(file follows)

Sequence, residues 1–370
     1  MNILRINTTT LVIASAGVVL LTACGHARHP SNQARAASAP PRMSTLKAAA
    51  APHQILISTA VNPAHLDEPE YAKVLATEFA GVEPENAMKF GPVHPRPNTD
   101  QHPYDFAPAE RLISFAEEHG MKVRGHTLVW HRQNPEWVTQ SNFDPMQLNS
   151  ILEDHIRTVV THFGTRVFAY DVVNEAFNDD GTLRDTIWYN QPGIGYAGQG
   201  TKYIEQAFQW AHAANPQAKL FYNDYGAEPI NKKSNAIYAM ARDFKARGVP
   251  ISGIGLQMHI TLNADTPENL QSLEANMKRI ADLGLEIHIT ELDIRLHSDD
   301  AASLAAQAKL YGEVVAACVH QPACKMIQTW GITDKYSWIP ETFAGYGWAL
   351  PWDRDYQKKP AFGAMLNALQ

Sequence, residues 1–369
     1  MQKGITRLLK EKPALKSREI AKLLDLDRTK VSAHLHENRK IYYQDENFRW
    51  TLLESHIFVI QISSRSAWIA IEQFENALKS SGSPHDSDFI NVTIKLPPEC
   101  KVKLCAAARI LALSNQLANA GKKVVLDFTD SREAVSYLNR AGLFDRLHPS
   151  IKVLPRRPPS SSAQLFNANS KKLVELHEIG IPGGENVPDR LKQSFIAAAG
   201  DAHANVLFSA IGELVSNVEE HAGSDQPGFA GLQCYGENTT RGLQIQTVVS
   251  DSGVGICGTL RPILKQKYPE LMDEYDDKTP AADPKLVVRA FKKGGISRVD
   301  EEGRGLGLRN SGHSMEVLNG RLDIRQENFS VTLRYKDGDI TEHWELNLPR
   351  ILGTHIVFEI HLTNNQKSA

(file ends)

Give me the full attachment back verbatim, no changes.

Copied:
Sequence, residues 1–370
     1  MNILRINTTT LVIASAGVVL LTACGHARHP SNQARAASAP PRMSTLKAAA
    51  APHQILISTA VNPAHLDEPE YAKVLATEFA GVEPENAMKF GPVHPRPNTD
   101  QHPYDFAPAE RLISFAEEHG MKVRGHTLVW HRQNPEWVTQ SNFDPMQLNS
   151  ILEDHIRTVV THFGTRVFAY DVVNEAFNDD GTLRDTIWYN QPGIGYAGQG
   201  TKYIEQAFQW AHAANPQAKL FYNDYGAEPI NKKSNAIYAM ARDFKARGVP
   251  ISGIGLQMHI TLNADTPENL QSLEANMKRI ADLGLEIHIT ELDIRLHSDD
   301  AASLAAQAKL YGEVVAACVH QPACKMIQTW GITDKYSWIP ETFAGYGWAL
   351  PWDRDYQKKP AFGAMLNALQ

Sequence, residues 1–369
     1  MQKGITRLLK EKPALKSREI AKLLDLDRTK VSAHLHENRK IYYQDENFRW
    51  TLLESHIFVI QISSRSAWIA IEQFENALKS SGSPHDSDFI NVTIKLPPEC
   101  KVKLCAAARI LALSNQLANA GKKVVLDFTD SREAVSYLNR AGLFDRLHPS
   151  IKVLPRRPPS SSAQLFNANS KKLVELHEIG IPGGENVPDR LKQSFIAAAG
   201  DAHANVLFSA IGELVSNVEE HAGSDQPGFA GLQCYGENTT RGLQIQTVVS
   251  DSGVGICGTL RPILKQKYPE LMDEYDDKTP AADPKLVVRA FKKGGISRVD
   301  EEGRGLGLRN SGHSMEVLNG RLDIRQENFS VTLRYKDGDI TEHWELNLPR
   351  ILGTHIVFEI HLTNNQKSA